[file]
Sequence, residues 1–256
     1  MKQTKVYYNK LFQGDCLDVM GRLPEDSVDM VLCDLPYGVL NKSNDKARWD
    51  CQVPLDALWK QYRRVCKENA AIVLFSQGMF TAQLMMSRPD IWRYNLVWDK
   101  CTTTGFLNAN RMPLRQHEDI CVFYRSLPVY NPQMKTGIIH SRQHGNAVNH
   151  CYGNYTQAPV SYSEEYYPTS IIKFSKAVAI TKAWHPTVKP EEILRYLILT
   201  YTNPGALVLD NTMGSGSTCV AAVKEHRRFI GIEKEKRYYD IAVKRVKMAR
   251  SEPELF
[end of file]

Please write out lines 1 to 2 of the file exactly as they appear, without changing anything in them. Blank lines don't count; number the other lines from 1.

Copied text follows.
Sequence, residues 1–256
     1  MKQTKVYYNK LFQGDCLDVM GRLPEDSVDM VLCDLPYGVL NKSNDKARWD